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Doing 401(k) rollovers right

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SAN DIEGO – Done with care, retirement plan advisors can pursue 401(k) rollover business without leaving themselves open to any more fiduciary liability than they already assume.

Whether advisors will be allowed to do so under the Department of Labor’s expected expansion of the fiduciary standard is the real question. The DOL is pushing for the new standard because it believes workers lose billions of their retirement savings each year because of conflicts of interest created by financial advisors’ reliance on commissions.

That dilemma was at the heart of one of the sessions Monday at the National Association of Plan Advisors annual 401(k) conference here, a presentation that comes at a time when rollovers represent a bigger-than-ever money-making opportunity for retirement advisors.

Today, most of America’s retirement savings are in IRAs. There’s $7.2 billion in IRAs, $5.3 trillion in plans like 401(k)s, and $3.1 trillion in pension plans, according to the DOL.

Investors are expected to transfer up to $380 billion from former employers’ 401(k) accounts into IRAs this year alone, according to Cogent Reports. 

Many plan advisors typically prefer to turn over investment work to the industry’s growing cadre of 3(38) managers. But with so many dollars flowing out of workplace plans, the potential to create more wealth for themselves has become increasingly tantalizing. And the competition is heating up, especially from the major financial services firms that have spent big dollars in recent months to advertise their IRA business. 

The marketing of IRAs, however, has long been a tricky business.

In 2005, the DOL issued an advisory opinion saying, essentially, that advisors could be in violation of the Employee Retirement Income Security Act whenever they use their fiduciary authority to “cause” a participant to take a plan distribution “coupled” with a recommendation to invest that money in a way that means more money for the advisor.

While it might have been meant to sooth anxious advisors, the advisory left a lot of people as nervous as ever.

A Government Accountability report claiming plan participants are often subjected to biased information when presented with rollover options has not helped matters.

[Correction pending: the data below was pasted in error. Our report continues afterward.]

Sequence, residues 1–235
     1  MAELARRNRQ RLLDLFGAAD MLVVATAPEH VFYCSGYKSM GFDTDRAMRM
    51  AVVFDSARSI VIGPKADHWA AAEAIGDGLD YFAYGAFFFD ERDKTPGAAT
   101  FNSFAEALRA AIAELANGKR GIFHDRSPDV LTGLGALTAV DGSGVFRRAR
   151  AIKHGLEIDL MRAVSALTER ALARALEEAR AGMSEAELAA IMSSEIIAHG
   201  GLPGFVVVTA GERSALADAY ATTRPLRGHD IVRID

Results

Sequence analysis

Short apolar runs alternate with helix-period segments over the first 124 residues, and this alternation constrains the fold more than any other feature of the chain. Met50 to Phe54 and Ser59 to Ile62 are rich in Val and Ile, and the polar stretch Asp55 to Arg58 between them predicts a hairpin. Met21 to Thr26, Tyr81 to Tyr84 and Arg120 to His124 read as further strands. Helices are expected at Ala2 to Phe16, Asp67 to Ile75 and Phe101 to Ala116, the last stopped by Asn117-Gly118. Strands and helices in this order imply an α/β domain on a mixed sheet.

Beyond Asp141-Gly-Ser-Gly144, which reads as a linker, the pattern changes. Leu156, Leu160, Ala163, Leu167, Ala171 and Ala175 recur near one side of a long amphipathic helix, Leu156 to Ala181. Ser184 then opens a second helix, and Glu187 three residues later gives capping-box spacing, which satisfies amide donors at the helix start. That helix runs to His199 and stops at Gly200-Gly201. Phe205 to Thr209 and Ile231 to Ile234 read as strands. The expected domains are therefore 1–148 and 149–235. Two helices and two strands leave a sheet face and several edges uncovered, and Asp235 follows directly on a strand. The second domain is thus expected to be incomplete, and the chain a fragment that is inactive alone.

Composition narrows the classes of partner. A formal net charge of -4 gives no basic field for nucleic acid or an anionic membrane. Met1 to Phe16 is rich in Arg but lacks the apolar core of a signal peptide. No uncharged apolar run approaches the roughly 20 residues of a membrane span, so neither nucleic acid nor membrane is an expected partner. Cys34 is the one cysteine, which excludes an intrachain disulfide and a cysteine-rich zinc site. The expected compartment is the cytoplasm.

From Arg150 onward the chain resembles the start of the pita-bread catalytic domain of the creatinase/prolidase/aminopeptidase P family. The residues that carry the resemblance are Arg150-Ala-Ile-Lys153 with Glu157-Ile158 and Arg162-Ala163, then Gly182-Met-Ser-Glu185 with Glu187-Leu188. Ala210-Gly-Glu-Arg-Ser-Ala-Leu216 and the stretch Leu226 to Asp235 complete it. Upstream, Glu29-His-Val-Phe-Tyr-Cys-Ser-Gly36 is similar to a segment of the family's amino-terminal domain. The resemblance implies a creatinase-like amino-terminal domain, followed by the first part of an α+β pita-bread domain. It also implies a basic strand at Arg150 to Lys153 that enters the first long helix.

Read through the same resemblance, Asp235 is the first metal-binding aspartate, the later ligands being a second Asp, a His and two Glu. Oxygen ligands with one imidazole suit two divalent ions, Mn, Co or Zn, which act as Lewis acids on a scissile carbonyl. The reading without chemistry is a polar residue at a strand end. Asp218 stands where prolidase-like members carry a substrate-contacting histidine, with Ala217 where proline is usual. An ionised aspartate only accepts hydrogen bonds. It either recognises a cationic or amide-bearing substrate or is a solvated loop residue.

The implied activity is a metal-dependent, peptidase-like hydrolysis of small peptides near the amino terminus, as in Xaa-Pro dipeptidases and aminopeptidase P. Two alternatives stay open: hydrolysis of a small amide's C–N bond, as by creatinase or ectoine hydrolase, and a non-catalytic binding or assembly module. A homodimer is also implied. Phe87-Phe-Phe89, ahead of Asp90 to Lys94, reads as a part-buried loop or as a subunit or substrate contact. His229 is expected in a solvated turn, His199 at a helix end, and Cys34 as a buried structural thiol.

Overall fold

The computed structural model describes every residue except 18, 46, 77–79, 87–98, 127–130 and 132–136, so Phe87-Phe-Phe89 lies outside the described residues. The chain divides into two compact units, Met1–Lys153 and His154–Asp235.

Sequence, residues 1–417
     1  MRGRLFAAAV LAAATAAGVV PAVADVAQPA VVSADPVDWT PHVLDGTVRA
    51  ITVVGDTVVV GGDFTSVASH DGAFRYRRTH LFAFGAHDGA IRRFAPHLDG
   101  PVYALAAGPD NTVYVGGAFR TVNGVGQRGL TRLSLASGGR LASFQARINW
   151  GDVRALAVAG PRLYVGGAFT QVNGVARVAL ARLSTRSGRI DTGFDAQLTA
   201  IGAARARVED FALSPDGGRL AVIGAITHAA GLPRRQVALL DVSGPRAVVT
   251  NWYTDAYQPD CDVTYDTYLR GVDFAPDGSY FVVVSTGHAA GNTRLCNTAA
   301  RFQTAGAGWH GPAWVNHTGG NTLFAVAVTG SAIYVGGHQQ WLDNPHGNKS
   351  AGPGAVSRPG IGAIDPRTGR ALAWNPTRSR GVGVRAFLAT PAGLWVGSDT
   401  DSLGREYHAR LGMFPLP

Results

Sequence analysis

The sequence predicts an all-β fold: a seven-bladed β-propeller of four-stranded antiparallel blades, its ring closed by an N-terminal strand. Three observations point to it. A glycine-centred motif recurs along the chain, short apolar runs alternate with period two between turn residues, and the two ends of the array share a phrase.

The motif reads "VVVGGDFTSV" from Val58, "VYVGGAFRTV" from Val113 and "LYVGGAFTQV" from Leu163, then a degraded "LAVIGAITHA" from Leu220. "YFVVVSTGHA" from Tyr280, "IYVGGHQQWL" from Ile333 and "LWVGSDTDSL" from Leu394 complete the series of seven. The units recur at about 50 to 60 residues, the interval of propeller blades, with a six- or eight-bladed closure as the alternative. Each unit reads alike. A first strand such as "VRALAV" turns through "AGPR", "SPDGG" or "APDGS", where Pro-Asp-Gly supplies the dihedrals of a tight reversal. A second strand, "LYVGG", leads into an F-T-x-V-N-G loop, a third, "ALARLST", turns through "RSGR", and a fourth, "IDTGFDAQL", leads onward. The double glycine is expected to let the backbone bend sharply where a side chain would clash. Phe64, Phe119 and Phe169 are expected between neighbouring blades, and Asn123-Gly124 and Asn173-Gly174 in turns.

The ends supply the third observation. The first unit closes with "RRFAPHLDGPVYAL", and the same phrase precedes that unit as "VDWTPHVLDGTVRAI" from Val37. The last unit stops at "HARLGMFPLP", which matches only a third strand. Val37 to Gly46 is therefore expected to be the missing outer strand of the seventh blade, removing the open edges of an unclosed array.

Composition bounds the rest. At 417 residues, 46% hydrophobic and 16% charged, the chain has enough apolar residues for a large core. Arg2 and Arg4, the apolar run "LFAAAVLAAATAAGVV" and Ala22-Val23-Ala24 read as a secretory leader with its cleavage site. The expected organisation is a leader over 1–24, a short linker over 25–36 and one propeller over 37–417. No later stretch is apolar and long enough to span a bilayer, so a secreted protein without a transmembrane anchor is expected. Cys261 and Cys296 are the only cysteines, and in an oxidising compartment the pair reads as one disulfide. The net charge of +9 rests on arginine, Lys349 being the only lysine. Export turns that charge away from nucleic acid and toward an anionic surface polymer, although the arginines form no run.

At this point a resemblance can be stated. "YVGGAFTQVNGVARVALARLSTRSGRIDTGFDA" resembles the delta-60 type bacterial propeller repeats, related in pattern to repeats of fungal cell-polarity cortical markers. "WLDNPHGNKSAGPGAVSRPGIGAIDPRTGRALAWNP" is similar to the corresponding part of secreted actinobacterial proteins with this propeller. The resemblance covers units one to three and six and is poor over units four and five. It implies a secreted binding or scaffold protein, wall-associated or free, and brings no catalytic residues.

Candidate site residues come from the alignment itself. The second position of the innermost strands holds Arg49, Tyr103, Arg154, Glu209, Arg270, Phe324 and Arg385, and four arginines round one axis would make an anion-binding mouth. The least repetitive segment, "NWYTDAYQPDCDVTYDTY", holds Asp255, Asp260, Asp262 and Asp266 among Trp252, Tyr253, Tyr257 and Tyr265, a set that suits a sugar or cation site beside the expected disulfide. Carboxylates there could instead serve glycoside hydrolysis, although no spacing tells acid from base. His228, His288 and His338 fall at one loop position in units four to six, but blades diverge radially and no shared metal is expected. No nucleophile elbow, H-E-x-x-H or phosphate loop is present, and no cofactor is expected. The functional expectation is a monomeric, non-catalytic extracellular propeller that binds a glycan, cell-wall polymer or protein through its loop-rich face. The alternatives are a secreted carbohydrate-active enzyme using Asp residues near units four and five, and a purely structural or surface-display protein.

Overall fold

Further roiling the rollover waters, a Bloomberg News investigation last year found participants in major 401(k) plans like Hewlett-Packard Co., United Parcel Service Inc. and AT&T complained that broker-dealer reps lured them into rolling 401(k) assets into unsuitable IRA investments.

More recently, the SEC said one of its priorities this year was to exam fee selection and reverse churning – sales practices related to IRA rollovers.

All of this is why advisors who take an “educate vs. direct” approach with participants are probably safest, according to the panelists at Monday’s NAPA session.

“You can, with the right care and procedural safeguards, help participants with these wealth events,” said the moderator, Jason Roberts, an ERISA lawyer and the CEO of the Pension Resource Institute, a retirement industry consultant.

“It’s not a per se prohibition,” he said.

Those “safeguards” include working with giants such as LPL Financial, an approach recommended by panelist Brady Dall, a senior VP at 401(k) Advisors Intermountain. 

LPL for years has “supported” thousands of advisors in this way.

Still, taking extra care, Dall said the advisors who work at his firm “make sure they (participants) bring it up first. … No one is pushing people into a product. And we have procedures in place that allow us to show we didn’t affect that rollover.”

Those “procedures” typically include written disclosures that clearly spell out all fees and other compensation that the advisor would receive in connection with a rollover.

Any advisor providing ongoing, individualized investment advice to plan participants faces the greatest fiduciary exposure. But as Roberts reminded everyone, there’s no ERISA prohibition.

See also:

New Roth 401(k) rollovers maximize after-tax contribution value

Why 401(k) investment choices don’t matter anymore